Some victories become symptoms when placed on the tracing paper of history. And the passage of Napoli to the quarterfinals of the Champions League for the first time, after eliminating Eintracht Frankfurt with authority at the Diego Armando Maradona on Wednesday night (5-0 in the round total), is a reflection of the change of pace that Italian football has experienced this year. For the first time in 17 years, three Calcio teams are among the eight best in Europe: Inter, Milan and Napoli. An important transformation whose paternity could also be attributed to a handful of coincidences -the tie between Inter and Porto was not exactly a resounding victory for the Milanese-, but which ends a decadent stage of transalpine football.
Italy has gone through a dark period when teams left its borders. Including Nazionale itself, eliminated in the qualifying round of the last two World Cups. However, they are now the only country in Europe to place three clubs in the next round of the Champions League. England maintains two (City and Chelsea) and the rest only one. In addition, Calcio aspires today to have four other teams (Rome, Juventus, Fiorentina and Lazio) in the quarterfinals of European competitions. The scenario is irrefutable for general analysis. However, the data in the national competition are not so resounding.
Napoli, the only one of those three clubs that belongs to an Italian businessman (the producer Aurelio de Laurentiis), is 18 points better than the second, Inter Milan. And the next four classifieds dispute the Champions League places at the blow of unusual defeats or sad draws against the bottom of the table: like the one between Milan and Salernitana last weekend. There may be a lack of tension. As it happened in recent years, when a Juventus still outside the financial shadow of doubt converted nine times in a row the scudetto on a triumphal ride. A historic series of victories that, however, only had a bitter reflection in Europe, where the Vecchia Signora They have not lifted the Champions League since 1996.
The last Champions League lifted by a transalpine club was that of Mourinho’s Inter Milan in 2010. An isolated victory that tasted of glory that had ended a decade earlier. Now things could change, says the journalist and writer Paolo Condó. “It is a combination of factors. We have had a lucky draw: the three Italian teams faced the weakest possible opponents. But Napoli this year is a strong team that plays very European football, as Guardiola himself said. And he has worked a miracle that all clubs dream of: discovering an outstanding player that nobody knew about. That’s almost impossible today.” This is the Georgian Jvicha Kavaratskhelia, one of the signings that the sports management of Naples has pulled out of its sleeve in recent years at relatively low costs (they paid 11 million for him).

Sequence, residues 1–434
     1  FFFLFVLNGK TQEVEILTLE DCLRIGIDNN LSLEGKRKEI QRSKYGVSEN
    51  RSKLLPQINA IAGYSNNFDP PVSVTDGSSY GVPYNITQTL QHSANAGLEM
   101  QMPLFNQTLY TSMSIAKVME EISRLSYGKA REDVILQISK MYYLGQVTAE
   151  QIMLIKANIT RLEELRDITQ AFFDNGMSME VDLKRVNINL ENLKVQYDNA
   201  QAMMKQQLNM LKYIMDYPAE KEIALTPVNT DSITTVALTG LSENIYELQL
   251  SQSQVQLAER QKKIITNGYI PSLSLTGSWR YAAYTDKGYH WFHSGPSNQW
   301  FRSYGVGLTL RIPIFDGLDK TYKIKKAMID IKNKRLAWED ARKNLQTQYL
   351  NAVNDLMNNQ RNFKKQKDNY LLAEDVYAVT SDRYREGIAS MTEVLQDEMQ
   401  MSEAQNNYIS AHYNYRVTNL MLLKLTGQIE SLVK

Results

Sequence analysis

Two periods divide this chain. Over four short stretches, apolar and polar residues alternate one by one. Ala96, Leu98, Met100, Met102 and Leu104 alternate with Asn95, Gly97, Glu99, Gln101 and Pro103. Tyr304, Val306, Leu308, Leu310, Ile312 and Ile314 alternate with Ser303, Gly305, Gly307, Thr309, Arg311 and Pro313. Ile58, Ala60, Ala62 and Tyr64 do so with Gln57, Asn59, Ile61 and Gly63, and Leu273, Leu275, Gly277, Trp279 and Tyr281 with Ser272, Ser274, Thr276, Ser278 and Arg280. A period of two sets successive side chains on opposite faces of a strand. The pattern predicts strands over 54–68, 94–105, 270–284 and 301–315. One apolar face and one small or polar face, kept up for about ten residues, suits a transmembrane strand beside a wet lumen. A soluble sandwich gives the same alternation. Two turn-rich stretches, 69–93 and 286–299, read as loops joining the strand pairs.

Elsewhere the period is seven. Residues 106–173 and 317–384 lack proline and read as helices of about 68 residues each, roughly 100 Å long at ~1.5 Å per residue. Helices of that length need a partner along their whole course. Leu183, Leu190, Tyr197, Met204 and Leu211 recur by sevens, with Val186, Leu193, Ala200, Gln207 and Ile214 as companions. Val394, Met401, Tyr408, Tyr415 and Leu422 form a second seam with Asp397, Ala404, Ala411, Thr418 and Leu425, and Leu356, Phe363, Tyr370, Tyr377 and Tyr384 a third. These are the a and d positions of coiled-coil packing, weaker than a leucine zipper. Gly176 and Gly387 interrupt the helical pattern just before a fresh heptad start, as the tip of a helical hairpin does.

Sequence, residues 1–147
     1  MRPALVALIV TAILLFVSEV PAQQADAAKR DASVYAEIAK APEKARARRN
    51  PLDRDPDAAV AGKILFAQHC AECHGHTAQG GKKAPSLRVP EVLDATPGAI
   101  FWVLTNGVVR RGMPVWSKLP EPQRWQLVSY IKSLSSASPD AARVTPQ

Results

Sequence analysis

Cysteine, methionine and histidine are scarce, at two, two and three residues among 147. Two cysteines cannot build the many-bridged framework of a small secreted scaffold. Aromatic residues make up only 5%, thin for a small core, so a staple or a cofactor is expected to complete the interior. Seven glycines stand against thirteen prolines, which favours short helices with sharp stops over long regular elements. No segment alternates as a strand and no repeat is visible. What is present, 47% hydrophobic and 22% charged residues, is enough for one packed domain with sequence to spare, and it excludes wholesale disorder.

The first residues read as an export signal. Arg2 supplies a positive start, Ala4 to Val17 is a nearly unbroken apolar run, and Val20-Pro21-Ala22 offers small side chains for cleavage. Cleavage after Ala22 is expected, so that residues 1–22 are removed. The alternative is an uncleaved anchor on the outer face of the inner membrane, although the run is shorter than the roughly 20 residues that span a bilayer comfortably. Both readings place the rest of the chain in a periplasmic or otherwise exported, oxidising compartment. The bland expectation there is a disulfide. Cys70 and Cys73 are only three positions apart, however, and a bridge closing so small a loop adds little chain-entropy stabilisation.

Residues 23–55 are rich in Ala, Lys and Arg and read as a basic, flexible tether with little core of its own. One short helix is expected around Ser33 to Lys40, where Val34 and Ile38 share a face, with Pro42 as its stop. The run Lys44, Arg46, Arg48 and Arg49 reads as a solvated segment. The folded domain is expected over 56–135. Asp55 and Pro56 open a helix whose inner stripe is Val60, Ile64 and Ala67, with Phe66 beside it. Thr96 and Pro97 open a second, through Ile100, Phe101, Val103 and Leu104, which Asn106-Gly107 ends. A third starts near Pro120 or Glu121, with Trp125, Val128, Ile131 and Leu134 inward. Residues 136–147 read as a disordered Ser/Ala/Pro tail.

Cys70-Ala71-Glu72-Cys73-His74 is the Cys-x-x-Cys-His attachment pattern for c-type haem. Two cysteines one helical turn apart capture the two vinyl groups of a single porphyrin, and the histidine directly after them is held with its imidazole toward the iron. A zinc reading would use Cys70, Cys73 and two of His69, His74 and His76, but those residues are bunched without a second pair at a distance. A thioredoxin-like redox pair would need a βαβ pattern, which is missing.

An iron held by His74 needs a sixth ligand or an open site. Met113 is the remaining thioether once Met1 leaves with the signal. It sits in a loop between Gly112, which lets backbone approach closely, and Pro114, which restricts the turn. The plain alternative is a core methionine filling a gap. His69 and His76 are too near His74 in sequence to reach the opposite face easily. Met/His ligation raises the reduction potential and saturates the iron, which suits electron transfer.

The round of 16 draw, there is no doubt, reserved some fortune for the Italians. “Yes, but in football there are no coincidences,” Dino Zoff, legendary Juventus goalkeeper, rebuts on the phone. “Our teams get the best out of their squads when they go outside of Italy. While in the championship, very interrupted by the referees, the protests and a certain slowness, that cannot be seen. Outside you have to work as international football requires, and that brings out the best in us. These are qualities that many times we do not exploit in our championship. The key is that the four clubs that are fighting today for the Champions League qualification have good players for the first time in a long time”.
All these teams have built their squads from the bottom up – Milan and Inter have also invested small amounts looking for unknown talent – but they have polished a defensive tradition that has re-emerged, adds Condó. The Italian teams in the quarterfinals have not conceded any goals in this tie. “And that is very important. In these last 20 years we have lived as a shame to be great defenders. So we were ugly, mean and dirty. But the three teams have not suffered too much, except in the minutes of recovery. Tottenham practically didn’t shoot on goal”. Like old times.
Calcio was everything between 1991 and 2001. An entire decade in which UEFA standards awarded Serie A the title of the best league in Europe. A competition that gave birth to most of the Ballon d’Ors of that period (Papin, Van Basten, Weah…) and generated huge television and commercial income. It was the time of the clubs / company. Berlusconi with his Milan, Cragnotti with Lazio, Inter with Moratti. Great businessmen who put their personal fortunes at the service of some teams that, years later, ended up bankrupt. Today that long twilight can be explained through extra-sporting elements such as the business model or the mismanagement of the clubs, today in the hands of investment funds from American or Chinese groups. A nebula that begins to overcome itself.
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